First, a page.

“A multimedia essay on the nature of typography and the page environment, ‘Body Language in the Paper Theater’ likens type to a stage actor who wields his corporeal presence and symbolic gestures as chief modes of communication.”
“Font design has given me an opportunity to study enculturation (ours included) through letterforms and the relationship of writing to keystroking. An individual inherits specific forms of writing for specific situations, each guided by a stock of tools and larger pragmatic and aesthtetic concerns, socio-political realities, cultural memory. What does it mean to pass along the spirit of a past event of writing to a digital generation? The tension between an individual’s unique mark, the models to which it aspires, the meaning of connoissuership and its simulation as a digital commodity all serve as a platform of ideas for typefaces like Indelible Victorian.”
Farrell’s poster which uses a few of these typefaces.
Farrell is also an influential teacher at SAIC, and lecturer. His approach to teaching: “I try to teach design approaches to our students that seduce and surprise, that reward their curiosity as well as their rigor, that challenge our students’ abilities to digest and structure unfamilar material with clarity, and challenge their capacity to be entertaining—to be unapologetically seductive themselves—and to take risks: Whimsy blends with focused and systematic process; writing and research blend with design into a hybrid activity. The classroom is our laboratory, and here we turn novel intersections around and test their potentials for uncovering or deepening experience, as with a story told through the trail of crafted documents, or a graft of a narrative onto a field of study seemingly unrelated. In each case, students fashion meaning out of the strange or incongruous, prodding connections that push against cliché while learning how to play.”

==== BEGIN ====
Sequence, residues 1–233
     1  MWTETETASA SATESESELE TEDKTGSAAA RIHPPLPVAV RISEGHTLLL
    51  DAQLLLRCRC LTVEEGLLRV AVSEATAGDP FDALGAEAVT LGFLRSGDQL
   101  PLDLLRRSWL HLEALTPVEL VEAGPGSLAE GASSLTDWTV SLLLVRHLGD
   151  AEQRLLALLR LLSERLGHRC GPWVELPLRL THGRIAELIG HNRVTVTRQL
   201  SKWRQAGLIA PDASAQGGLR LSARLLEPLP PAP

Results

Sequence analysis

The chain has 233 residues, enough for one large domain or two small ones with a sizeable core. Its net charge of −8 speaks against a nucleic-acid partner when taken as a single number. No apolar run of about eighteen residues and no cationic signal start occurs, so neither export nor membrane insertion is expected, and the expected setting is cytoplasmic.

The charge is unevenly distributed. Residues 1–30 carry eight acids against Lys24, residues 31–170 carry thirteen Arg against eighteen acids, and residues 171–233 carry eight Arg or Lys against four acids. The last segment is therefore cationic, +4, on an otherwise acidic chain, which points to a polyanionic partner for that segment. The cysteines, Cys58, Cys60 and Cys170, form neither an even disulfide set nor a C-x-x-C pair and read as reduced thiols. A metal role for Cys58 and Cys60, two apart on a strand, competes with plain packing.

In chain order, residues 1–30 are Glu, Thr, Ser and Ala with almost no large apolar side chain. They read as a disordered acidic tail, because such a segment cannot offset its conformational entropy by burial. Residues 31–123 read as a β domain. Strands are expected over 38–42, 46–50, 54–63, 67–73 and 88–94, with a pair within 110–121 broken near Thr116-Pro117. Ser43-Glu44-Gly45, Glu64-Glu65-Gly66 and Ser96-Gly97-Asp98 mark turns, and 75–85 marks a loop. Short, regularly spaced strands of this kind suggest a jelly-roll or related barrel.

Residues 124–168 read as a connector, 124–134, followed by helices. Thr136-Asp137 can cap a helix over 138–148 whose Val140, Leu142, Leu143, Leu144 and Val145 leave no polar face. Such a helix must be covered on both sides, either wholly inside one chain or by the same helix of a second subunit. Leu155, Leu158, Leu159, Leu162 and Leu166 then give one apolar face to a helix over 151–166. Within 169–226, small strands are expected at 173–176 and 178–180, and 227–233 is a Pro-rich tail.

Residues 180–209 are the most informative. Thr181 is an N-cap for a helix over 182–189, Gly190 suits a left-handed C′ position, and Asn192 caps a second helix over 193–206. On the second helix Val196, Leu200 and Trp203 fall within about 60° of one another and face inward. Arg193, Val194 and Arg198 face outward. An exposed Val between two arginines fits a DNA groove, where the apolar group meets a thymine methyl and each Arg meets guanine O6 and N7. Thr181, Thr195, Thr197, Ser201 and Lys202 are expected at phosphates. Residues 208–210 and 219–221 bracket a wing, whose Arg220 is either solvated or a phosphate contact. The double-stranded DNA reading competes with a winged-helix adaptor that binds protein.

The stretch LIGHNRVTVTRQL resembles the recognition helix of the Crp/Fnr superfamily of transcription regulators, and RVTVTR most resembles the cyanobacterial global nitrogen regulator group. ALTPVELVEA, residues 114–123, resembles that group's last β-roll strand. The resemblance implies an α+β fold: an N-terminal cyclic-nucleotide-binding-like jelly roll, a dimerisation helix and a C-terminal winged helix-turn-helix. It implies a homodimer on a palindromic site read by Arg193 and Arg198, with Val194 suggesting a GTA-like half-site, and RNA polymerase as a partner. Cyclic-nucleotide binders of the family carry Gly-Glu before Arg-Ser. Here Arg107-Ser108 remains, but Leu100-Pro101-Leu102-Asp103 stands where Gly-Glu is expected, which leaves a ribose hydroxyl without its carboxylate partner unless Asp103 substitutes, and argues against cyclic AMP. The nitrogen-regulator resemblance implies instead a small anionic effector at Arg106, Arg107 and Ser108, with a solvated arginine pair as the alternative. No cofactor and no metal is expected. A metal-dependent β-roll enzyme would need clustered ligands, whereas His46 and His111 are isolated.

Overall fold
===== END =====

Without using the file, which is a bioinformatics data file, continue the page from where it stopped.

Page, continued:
Information and Image Sources / References / Further Reading:
- Biography on SAIC’s website
- Website for the VAS novel.
- Japan’s Shift magazine on VAS.
- A website for the Volgare Project
- Juggernautco’s pages for Boilerplate and for a poster.
- Mythopoeia at the AIGA Design Archives
- VAS at the AIGA Design Archives
- See his work and interview in Emigre #37
- See his piece in Emigre #38
- See “Inhabiting Forms: Visible Citizens” in Emigre #51
- MICA visiting artist, Spring 2008
- Student work from the workshops held at MICA: 1, 2.
- Stephen Farrell’s page on Identifont, with showings of five of his typefaces.
- Stephen Farrell’s typefaces on My Fonts
- Bio and Volgare typeface for sale at Font Factory
- Washington Mutual used Missive on some of their signage inside the branches.